Clio has taught education courses at the college level and has a Ph.D. in curriculum and instruction.
Why TEKS Matters for Music
Are you a teacher of music in the state of Texas? If so, then you know that you are required to meet the demands of the Texas Essential Knowledge and Skills. These rigorous standards give you guidelines for what students are expected to know at the end of each grade level. TEKS can help you plan and organize your instruction and figure out how to sequence your curriculum across different grade levels. It is important to remember that TEKS is not there to tell you how to teach, but rather how to keep your curriculum consistent and continuous over the course of students' education. This lesson will give you some ideas of how you can plan your curriculum to align with TEKS, all the while maintaining your freedom to teach music in a way that makes sense to you and works for your specific student population.
In the elementary grades, the music standards focus on four basic strands:
- Foundations and music literacy
- Creative expression
- Historical and cultural relevance
- Critical evaluation and response
While you can find the specific requirements for each elementary grade level for free online, it is important to think about what these four categories mean for how you can plan your curriculum.
One way to map out your year is to divide it into quadrants. Spend one quarter of the year focusing on each domain of music instruction, regardless of which grade you are working with. For instance, spend the first part of the year focusing on music literacy. You can teach your students about different instruments, music theory, and reading and writing music, at levels appropriate for each age and to students' interest. The second part of the year can focus on creative expression, with more opportunities for students of all ages to sing and experiment with instruments, including expressing their thoughts and feelings through music. The third part of the year can be dedicated to the history of music and learning about music from a variety of different cultures, and in the last part of the year, students can listen to the music produced and written by others and learn about what it means to be a critical listener.
TEKS for music in middle school begins slightly more complicated, in that some schools will have students taking music for all three years of middle school, while other schools will allow students to alternate among music, theater, and other fine arts. You will need to adjust your planning accordingly, since there are some students who you will only teach for one year of their middle school experience.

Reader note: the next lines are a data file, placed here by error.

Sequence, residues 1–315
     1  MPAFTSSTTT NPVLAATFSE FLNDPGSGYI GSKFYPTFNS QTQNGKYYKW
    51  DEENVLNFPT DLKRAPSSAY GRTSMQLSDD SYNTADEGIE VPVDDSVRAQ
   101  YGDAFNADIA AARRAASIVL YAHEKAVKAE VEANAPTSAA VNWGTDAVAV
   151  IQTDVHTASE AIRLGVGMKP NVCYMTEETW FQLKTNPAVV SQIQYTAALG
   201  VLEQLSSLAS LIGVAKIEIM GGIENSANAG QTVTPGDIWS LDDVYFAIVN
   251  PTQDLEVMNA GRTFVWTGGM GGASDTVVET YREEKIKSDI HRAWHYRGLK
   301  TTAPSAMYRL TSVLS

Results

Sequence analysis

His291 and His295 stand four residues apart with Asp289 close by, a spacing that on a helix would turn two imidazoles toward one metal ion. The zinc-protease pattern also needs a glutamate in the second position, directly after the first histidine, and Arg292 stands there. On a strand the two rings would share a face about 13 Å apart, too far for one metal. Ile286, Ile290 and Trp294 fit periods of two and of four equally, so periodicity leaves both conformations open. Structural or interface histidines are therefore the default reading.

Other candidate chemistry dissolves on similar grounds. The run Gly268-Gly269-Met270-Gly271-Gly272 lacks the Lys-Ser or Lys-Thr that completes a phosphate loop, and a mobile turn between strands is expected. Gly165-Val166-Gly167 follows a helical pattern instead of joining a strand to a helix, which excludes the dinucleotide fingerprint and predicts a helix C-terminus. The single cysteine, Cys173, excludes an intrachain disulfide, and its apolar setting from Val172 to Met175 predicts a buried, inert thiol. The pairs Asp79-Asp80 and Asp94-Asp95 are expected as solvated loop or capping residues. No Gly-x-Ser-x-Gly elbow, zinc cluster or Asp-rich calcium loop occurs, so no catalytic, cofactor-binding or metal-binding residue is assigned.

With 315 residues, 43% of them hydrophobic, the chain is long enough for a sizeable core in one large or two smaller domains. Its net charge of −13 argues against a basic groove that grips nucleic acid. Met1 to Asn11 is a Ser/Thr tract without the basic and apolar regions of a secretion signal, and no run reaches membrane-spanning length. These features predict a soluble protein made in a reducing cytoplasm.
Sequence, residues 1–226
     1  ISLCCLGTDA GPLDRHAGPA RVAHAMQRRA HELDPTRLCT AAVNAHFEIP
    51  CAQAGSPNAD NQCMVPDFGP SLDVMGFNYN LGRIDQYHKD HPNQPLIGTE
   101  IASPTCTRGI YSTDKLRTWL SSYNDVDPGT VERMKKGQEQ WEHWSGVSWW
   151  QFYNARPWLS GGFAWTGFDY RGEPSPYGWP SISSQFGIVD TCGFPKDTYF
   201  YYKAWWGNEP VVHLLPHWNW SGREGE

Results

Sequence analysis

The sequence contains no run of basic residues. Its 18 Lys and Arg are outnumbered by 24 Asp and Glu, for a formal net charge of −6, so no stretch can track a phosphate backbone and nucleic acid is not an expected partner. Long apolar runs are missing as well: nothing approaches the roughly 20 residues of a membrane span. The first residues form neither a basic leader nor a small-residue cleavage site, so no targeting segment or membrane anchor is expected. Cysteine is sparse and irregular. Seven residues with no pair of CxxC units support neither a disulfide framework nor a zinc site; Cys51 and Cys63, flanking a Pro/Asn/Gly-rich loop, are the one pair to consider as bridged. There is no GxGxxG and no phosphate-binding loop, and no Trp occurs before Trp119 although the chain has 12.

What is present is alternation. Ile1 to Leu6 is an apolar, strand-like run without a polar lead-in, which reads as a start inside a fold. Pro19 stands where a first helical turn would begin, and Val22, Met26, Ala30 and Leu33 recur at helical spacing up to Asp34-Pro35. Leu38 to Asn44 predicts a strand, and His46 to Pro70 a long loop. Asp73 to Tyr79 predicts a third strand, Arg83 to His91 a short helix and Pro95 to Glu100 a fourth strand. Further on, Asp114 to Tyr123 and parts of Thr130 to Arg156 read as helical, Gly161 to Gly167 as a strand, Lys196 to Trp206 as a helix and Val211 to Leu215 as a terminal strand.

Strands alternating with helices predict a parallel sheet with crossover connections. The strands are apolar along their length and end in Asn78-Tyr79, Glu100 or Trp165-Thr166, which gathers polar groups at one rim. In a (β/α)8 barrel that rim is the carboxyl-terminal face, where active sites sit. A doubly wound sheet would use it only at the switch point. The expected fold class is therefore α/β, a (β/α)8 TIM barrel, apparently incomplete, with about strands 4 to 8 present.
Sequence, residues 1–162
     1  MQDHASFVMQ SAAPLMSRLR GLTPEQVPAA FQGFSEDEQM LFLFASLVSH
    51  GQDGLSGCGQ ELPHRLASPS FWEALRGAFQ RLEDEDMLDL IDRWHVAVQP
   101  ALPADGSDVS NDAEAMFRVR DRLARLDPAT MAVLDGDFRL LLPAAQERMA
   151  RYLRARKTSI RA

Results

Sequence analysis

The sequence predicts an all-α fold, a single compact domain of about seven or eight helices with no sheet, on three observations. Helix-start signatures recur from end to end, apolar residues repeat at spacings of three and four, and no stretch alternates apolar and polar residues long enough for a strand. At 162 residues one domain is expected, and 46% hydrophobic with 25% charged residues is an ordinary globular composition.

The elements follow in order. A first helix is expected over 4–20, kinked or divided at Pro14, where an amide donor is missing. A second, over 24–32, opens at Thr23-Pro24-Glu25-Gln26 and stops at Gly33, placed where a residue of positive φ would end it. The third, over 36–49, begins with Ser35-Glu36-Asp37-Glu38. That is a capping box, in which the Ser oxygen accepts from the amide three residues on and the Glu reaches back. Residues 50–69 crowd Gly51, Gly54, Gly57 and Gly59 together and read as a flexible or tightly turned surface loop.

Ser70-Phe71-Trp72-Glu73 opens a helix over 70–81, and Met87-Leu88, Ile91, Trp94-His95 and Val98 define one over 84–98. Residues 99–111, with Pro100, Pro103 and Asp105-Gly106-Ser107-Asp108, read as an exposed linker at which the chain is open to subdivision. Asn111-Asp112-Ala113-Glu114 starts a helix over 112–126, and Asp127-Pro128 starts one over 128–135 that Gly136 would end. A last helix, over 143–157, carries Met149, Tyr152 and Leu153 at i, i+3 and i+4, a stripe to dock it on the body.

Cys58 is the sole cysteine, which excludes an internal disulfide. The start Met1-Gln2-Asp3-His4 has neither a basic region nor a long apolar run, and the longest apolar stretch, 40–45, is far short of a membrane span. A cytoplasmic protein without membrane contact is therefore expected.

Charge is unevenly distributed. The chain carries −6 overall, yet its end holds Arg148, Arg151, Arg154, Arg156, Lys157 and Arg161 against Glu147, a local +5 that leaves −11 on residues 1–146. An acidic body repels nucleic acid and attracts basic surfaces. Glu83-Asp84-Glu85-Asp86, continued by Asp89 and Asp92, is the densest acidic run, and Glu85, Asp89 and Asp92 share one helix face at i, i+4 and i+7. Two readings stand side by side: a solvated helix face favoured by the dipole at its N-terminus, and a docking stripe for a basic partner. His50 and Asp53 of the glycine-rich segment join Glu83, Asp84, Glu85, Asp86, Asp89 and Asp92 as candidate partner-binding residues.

As in elementary school, the middle school music standards are divided into four domains. Rather than organizing your year by domains, however, at this slightly more sophisticated level you might do better to begin by clearly defining what you want your students to know in accordance with TEKS by the middle and by the end of the year. As you plan each lesson, try working backwards, thinking about all of the building blocks your adolescent students will need to meet the standards you are working with.
In high school, TEKS makes opportunities for some very sophisticated musical work. High school students in Texas might have their music instruction in band, choir, orchestra, jazz ensembles, improvisation groups, or specific instrumental lessons including piano, guitar and harp. High school music instruction will also involve more incorporation of technology and a deeper awareness of diverse musical traditions. When you plan your high school music curriculum, begin by thinking of how you can make sure that knowledge from each of the four domains delineated by TEKS can be incorporated regardless of the specific musical modality that each student is pursuing. Essentially, you want to make sure that all of your students are having an opportunity to listen to music, read and write music, perform music, and study music from different times and places.
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